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Book Review – Half a Life by Darin Strauss

Synopsis:  Half my life ago, I killed a girl.

So begins Darin Strauss Half a Life, the true story of how one outing in his fathers Oldsmobile resulted in the death of a classmate and the beginning of a different, darker life for the author. We follow Strauss as he explores his startling pastcollision, funeral, the queasy drama of a high-stakes court caseand what starts as a personal tale of a tragic event opens into the story of how to live with a very hard fact: we can try our human best in the crucial moment, and it might not be good enough.

First Line:  “Half my life ago, I killed a girl.”

Random Quote:  “I’d imagined this deposition would take place in a judge’s cozy chambers – polished wooden desk; a sort of brass-boxed, green, LA Law-ish lamp.  Instead we’d all sidled one-by-one into this chalky and hideously lit sub-basement place.  A long plastic table commandeered most of the room.”

Review:  Cars and the things that happen in them tend to play starring roles in adolescence.  Learning to drive (or choosing not to), sex in the back seat, cruising town with a crowd of kids – these are all features of being an American teenager.  Less talked about yet just as prominent are the other things that happen in cars – the accidents – fatal or not – these too are clear in many memories.  Teenaged drivers account for about ten percent of the US population, but for twelve percent of all accidents.  Each year over 5,000 teens will die in fatal car accidents – another 400,000 will be seriously injured.  This is the flip side of the American fascination with the automobile and the “freedom” it represents.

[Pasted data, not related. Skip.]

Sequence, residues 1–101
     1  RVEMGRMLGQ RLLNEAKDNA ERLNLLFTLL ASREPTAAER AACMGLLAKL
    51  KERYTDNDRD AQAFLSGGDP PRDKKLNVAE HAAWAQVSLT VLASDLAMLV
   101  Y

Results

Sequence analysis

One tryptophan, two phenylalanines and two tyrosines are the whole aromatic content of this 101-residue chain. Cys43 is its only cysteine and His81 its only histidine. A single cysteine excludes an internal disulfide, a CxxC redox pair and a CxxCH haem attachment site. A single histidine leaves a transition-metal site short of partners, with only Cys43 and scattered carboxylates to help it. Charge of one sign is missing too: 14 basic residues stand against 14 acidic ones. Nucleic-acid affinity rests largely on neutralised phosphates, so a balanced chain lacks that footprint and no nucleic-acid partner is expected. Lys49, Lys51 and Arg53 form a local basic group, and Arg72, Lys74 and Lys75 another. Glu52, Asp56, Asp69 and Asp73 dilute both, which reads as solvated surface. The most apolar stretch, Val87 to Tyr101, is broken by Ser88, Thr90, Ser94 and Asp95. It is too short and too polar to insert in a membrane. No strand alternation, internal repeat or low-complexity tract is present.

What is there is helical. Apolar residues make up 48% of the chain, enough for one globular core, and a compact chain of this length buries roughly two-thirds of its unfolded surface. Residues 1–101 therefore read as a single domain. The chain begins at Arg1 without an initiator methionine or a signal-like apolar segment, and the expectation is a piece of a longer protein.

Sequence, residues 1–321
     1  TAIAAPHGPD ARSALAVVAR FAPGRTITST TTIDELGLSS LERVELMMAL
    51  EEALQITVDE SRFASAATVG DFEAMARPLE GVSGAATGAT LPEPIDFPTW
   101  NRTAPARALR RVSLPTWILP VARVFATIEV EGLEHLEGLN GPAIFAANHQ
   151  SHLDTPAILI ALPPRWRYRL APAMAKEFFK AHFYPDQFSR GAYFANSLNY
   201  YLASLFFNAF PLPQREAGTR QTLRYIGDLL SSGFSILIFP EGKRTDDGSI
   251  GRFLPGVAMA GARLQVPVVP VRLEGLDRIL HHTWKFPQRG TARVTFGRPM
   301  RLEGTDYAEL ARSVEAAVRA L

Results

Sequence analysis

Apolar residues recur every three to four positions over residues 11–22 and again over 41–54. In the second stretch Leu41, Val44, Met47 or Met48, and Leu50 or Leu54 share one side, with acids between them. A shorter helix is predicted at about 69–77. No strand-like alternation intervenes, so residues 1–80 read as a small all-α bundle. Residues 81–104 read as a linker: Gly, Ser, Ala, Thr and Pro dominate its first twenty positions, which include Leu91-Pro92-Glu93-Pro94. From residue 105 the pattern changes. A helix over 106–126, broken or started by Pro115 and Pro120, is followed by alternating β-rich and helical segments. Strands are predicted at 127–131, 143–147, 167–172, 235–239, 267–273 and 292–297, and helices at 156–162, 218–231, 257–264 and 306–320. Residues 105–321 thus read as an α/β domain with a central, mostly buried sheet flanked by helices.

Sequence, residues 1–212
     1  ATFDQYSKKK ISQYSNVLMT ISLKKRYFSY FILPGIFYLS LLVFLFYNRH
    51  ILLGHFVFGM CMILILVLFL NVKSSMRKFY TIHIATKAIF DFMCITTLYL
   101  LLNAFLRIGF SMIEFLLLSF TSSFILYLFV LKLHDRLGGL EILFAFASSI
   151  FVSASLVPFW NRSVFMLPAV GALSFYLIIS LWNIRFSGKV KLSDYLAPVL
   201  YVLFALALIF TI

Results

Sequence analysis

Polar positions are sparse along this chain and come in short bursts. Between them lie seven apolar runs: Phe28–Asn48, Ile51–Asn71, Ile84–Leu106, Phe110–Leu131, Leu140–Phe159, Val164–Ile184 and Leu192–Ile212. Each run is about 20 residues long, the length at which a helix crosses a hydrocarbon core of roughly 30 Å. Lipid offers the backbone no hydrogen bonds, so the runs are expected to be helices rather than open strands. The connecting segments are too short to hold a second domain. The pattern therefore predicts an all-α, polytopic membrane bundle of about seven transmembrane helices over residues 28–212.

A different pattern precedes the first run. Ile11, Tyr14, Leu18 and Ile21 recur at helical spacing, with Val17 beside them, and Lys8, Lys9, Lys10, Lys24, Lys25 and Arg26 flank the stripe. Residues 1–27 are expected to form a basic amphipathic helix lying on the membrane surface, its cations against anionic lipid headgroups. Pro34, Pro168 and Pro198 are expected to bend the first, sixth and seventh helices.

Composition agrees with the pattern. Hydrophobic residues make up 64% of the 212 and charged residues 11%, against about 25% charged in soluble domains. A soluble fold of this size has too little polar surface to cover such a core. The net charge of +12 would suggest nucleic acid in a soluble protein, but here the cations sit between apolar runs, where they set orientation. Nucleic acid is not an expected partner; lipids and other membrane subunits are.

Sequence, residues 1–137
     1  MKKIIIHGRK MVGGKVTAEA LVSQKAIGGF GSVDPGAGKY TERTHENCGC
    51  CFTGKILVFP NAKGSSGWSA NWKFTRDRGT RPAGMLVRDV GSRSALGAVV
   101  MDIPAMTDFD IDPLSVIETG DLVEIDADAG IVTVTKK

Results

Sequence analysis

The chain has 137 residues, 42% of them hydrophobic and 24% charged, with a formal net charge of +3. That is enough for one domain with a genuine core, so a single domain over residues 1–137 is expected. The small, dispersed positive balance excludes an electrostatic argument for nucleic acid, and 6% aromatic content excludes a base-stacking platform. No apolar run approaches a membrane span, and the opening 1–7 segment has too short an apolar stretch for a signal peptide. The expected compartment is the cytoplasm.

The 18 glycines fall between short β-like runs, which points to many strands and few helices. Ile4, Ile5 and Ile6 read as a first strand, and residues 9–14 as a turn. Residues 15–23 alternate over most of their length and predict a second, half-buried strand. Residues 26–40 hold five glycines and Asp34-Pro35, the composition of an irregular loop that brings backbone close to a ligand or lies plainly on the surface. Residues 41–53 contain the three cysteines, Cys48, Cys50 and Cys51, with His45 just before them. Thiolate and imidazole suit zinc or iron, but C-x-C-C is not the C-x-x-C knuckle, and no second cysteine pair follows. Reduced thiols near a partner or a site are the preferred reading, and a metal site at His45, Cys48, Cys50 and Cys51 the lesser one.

Darin Strauss writes honestly of the car accident that changed his life in Half a Life.  While driving with friends, he hit a classmate on a bicycle and in an instant marked by the sound and sight of her bicycle and head shattering the front of his windshield, everything changed.

Anyone who has a history with the unpleasant side of teenaged driving knows that these are events that change us and our relationship to the world forever.  In Darin’s case it is all about learning to live in the aftermath of something unlooked for and so very permanent.  Strauss is at his best in the early parts of the book as he describes what happened – both in the moment of impact and in the moments after.  He manages to be unflinching and honest in ways that make this an uncomfortable, but illuminating read.  Less successful are the later parts of the book as he describes the effect on his adult life – who to tell, whether to tell.  It is very difficult to describe these feelings without some hint of self-indulgence and Strauss’ unwillingness to spare the reader even this detail is both a strength and a weakness.

I would not have written this book and I’m not sure I enjoyed reading it, but I learned from it and from the careful craft of it and it’s worth a long, hard, uncomfortable look.

FTC Disclosure:  Advance copy received through LibraryThing Early Reviewers

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